Will Ferrell attacks health insurance execs
The battle over health care reform took to the web Tuesday, as comedian Will Ferrell and a group of other Hollywood stars released a sarcastic video mocking health insurance executives and pitching the need for a publicly-run health insurance option.Skip to next paragraph
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“Humor can serve as a powerful reminder to Americans about what exactly is at stake” Justin Ruben, executive director of MoveOn.org, said in a statement.
Tongue in cheek
The video opens with Jon Hamm, star of TV’s "Mad Men,” saying, “Something terrible is happening.” Ferrell explains the terrible thing is that “health insurance executives are getting a bum rap.” Stars including Olivia Wilde of "House," Masi Oka of "Heroes," Donald Faison of "Scrubs," and Linda Cardellini of "ER," offer the tongue in check admonition that "we need to remember who the real victims are – health insurance executives.”
Ferrell sarcastically asks, “So why is Obama trying to reform health care when insurance companies are doing just fine making millions of dollars of profit?”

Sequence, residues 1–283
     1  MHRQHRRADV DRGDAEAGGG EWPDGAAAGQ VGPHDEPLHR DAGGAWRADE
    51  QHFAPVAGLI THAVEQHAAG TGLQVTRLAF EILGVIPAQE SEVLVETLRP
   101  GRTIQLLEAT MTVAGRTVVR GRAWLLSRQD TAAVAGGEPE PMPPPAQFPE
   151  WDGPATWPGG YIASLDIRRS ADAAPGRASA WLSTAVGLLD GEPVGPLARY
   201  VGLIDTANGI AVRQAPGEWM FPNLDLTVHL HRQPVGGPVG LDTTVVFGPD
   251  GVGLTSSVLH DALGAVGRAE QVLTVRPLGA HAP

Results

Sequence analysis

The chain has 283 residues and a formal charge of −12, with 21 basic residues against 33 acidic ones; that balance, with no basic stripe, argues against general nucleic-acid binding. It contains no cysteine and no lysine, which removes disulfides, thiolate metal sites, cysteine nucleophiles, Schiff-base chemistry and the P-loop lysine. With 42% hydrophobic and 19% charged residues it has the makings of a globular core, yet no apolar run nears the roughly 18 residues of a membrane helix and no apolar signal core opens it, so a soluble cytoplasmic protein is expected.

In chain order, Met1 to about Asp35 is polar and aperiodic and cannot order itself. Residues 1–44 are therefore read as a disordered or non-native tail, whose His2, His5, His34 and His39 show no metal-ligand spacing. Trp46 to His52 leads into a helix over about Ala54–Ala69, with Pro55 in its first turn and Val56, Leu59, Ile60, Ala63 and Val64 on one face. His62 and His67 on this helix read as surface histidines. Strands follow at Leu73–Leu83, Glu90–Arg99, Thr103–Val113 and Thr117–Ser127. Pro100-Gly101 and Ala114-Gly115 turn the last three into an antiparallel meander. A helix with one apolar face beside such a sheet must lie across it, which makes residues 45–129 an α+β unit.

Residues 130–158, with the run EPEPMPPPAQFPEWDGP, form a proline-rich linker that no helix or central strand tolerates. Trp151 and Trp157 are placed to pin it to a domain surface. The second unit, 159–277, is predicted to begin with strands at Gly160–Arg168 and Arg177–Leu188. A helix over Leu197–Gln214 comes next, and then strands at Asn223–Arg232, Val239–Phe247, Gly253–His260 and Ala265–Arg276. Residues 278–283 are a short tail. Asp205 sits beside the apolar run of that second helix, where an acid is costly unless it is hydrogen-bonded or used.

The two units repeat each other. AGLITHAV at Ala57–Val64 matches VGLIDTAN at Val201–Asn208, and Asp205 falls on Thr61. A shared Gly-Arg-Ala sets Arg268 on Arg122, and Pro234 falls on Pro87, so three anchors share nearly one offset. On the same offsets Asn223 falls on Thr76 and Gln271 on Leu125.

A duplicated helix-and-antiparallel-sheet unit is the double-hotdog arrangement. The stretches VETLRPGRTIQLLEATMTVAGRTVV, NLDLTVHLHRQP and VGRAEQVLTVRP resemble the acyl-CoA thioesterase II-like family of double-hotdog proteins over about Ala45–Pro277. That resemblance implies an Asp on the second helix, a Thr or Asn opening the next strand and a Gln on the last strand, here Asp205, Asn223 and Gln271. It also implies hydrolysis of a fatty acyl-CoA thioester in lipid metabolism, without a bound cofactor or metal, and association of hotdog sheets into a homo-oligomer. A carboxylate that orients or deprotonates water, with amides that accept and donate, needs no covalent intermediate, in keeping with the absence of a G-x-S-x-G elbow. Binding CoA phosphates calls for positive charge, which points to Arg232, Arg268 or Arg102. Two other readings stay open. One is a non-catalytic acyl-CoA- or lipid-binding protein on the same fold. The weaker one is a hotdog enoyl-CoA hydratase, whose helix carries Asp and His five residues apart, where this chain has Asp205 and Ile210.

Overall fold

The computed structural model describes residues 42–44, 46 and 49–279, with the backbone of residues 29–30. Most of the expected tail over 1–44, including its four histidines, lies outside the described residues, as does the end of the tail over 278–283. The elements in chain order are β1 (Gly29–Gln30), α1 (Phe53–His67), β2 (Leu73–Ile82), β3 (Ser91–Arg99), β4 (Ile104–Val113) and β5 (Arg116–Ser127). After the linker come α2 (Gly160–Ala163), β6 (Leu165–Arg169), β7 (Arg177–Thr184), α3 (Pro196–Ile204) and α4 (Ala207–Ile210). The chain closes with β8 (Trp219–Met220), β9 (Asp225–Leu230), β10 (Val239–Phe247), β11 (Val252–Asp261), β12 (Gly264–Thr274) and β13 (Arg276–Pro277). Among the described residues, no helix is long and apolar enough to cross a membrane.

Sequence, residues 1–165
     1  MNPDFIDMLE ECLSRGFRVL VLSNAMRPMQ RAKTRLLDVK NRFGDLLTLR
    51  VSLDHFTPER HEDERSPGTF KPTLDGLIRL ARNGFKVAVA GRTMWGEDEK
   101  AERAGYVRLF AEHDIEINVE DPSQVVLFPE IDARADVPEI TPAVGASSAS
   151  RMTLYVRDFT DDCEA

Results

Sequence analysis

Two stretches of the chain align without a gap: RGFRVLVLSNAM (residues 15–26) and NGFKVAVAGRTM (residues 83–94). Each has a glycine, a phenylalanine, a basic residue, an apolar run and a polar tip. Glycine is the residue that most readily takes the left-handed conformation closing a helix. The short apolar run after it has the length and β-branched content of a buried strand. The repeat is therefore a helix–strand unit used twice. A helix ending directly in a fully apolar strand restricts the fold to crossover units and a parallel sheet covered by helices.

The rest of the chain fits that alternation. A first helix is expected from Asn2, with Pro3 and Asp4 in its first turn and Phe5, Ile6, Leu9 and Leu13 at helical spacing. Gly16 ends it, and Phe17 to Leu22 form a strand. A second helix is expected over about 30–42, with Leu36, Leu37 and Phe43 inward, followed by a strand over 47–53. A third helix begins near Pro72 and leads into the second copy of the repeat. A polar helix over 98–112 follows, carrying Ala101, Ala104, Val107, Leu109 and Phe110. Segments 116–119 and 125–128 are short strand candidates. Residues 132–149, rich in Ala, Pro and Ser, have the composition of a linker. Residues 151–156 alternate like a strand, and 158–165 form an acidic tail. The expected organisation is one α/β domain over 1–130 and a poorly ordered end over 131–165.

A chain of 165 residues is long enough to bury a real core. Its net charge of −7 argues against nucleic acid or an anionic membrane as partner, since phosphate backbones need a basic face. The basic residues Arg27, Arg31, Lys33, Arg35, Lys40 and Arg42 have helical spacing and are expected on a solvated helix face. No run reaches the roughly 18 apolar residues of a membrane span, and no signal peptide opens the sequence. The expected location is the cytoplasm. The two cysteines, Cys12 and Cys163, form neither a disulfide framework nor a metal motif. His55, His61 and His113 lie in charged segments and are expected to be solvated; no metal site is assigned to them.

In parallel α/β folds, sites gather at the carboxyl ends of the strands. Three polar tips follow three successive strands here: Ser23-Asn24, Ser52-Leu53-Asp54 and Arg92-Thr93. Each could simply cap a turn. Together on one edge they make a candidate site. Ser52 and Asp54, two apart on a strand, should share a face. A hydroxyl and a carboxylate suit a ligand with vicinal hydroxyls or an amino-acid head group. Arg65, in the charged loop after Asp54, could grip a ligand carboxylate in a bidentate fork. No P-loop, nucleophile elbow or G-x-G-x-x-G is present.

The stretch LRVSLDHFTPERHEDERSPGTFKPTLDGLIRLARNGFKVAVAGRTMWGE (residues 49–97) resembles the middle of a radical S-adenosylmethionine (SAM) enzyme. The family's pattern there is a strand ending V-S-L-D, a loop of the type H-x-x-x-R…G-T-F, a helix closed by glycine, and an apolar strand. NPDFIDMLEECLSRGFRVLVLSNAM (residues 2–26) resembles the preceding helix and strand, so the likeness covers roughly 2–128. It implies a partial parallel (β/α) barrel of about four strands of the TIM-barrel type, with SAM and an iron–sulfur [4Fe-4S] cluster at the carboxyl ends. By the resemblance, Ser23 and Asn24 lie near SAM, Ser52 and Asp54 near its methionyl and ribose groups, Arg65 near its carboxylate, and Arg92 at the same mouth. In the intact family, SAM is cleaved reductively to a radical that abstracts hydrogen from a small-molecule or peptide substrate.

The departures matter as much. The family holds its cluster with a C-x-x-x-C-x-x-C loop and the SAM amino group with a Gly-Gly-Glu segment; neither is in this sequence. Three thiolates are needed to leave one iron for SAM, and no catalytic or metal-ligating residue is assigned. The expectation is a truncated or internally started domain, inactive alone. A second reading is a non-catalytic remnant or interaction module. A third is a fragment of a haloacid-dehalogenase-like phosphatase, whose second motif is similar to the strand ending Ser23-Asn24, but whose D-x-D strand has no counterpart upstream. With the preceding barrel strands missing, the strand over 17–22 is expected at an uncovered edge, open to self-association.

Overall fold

The video continues with an actor saying, “Insurance companies need our support because they keep our selfish priorities in check when we can’t.”
And Ferrell returns to the screen to say, “Insurance companies are detailed enough to reject claims for things like typos. If you spell something wrong, do you really deserve surgery? I don’t think so.”
Pitching the public option
The video closes with a slide urging viewers to “Call Congress: tell them we need a strong public health insurance option.”
The video hit the web on the same day the Senate Finance Committee began hearings on Chairman Max Baucus (D) of Montana’s draft health care reform legislation. The so-called chairman’s mark dos not include the public health insurance option Ferrell and his colleagues are pushing.
But Baucus did announce Tuesday several new measures to make health insurance more affordable for working families, including increased subsidies for lower income families, limits on additional charges insurance companies can impose on older workers, and lower penalties on those who defy rules requiring them to buy insurance.
Republicans attacked the plan, with Sen. Jon Kyl, R-Ariz., saying the legislation was a “stunning assault on our liberty.” He cited several provisions to strengthen the government’s role in health care.